# Supply and Demand and Budget Line

Topics: Supply and demand, Consumer theory, Microeconomics Pages: 5 (1603 words) Published: May 12, 2010
Consider the following equation:
MRSXY < PX/PY
where
MRS = marginal rate of substitution
x and y are two goods
P = price
< = is less than
{draw:frame}
The graph above shown us the indifference curve budget line diagram which explaining the equation MRSXY < P X / PY. There are two ways to measure the consumer preferences or what the consumer wants. The first one is by trying to put a ‘value’ on the satisfaction a consumer obtains from consuming a ‘unit’ of a good. Consumers are assumed to be able measure utility in terms of a ‘util’. However, we cannot find the total utility by using this method. So we can use another way which is by ranking the product. We can say that the consumer is preferred good Y compared to good X. the indifference curve is a curve that shows consumption bundles that give the consumer the same level of satisfaction. So this means that the consumer is satisfied at any point if the indifference curves above. The slope of the indifference curves are downward sloping. For example, the consumer will satisfy when he buys 3 good X and 4 good Y. The meaning of the term budget constraint is what the consumer can afford to buy. The income of the consumer will determine how much he can buy in the market. So, the budget line in the graph above is showing how much good X and Y that the consumer affords to buy. If the slope of the budget line is higher, this means that the consumer afford to buy good X compare to good Y. While if the slope of the budget line is lower, the consumer afford to buy good Y compare to good X. From the graph, we can see that the consumer is not maximizing the satisfaction. This is because the indifference curves are inside the budget line and it intersect at two points which are a and b. At point b, the slope of the indifference curve (MRSxy ) is less than the slope of the budget line (Px/Py). While, at point a, the slope of the indifference curve (MRSxy ) is greater than the slope of the budget line (Px/Py). So the consumer does not maximizing the satisfaction for both point a and b. In order to maximize the satisfaction, the slope of the indifference curve must equal to the slope of the budget line. So at point b, the consumer should reduce the consumption of good X and increase the consumption of good Y until both slope of indifference curve and budget line will become the same. By switching spending away from good X towards good Y, the consumer will be able to reach a higher indifference curve. {draw:frame}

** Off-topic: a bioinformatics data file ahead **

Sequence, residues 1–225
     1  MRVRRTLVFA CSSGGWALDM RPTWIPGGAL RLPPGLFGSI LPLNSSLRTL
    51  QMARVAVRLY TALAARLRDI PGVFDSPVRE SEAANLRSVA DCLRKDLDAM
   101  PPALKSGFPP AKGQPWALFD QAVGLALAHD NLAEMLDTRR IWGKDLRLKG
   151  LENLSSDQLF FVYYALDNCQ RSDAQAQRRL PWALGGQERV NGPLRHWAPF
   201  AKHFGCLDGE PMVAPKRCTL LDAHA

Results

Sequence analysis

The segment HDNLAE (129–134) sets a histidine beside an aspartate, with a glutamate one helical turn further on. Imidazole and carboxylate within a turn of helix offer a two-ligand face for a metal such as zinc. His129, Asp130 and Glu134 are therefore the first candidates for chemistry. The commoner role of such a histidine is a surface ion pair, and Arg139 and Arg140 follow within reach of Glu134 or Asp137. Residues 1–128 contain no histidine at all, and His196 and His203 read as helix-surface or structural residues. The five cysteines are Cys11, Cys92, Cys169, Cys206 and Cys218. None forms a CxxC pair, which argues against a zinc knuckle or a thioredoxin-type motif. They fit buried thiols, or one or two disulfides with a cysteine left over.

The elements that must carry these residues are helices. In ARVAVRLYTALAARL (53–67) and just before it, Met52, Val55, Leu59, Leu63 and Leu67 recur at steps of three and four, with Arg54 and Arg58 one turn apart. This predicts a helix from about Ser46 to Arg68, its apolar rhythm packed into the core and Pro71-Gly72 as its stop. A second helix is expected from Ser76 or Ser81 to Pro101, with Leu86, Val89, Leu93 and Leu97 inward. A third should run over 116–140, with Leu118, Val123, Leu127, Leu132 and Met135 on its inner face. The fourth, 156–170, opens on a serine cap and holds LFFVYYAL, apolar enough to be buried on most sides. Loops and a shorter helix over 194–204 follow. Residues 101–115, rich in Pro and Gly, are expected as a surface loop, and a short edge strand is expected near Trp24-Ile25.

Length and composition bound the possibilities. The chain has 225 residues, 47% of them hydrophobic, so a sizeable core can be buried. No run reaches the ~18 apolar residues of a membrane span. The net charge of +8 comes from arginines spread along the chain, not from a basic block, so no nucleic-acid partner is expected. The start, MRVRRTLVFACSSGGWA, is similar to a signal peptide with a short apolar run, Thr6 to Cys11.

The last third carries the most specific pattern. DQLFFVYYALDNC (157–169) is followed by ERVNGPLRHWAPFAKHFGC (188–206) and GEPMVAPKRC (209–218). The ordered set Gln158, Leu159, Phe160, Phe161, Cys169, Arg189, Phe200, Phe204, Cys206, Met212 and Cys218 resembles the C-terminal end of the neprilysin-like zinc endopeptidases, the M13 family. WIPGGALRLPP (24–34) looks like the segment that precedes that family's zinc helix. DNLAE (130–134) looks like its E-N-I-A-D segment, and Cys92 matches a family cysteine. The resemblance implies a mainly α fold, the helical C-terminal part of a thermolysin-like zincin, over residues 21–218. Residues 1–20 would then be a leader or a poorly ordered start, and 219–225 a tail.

From the graph, we can see that the indifference curve has shift and meet the budget line at the point c. at this point, the slope of the indifference curve and the budget line are the same. So the equation will change to [MRSXY = PX / PY]. At point c, the consumer satisfaction is at the highest place. The consumer choice is the product which been sold in the market. While, the individual demand for a product is the demand of a consumer on that product. The demand on a product will be higher if there are only small choices in the market. People tend to demand more for the product as they cannot find other product. TASK 2

*Definition of Price Elasticity of Demand (PEoD*)
The price elasticity of demand is the measure of how responsive is the quantity demanded to a change in price. There are many types of elasticity in demand which will stand for different types of product in the market. In order to differentiate between them we need to state the definition and the ratio of the elasticity. Relatively Elastic Demand The relatively elastic demand is a demand relationship in which the percentage change in quantity demanded is large in absolute value than the percentage change in price. In other words the percentage change in quantity demanded is larger than the percentage change in price. {draw:frame}

The ratio for the relatively elastic demand is 1< PEoD < Infinity Relatively Inelastic Demand...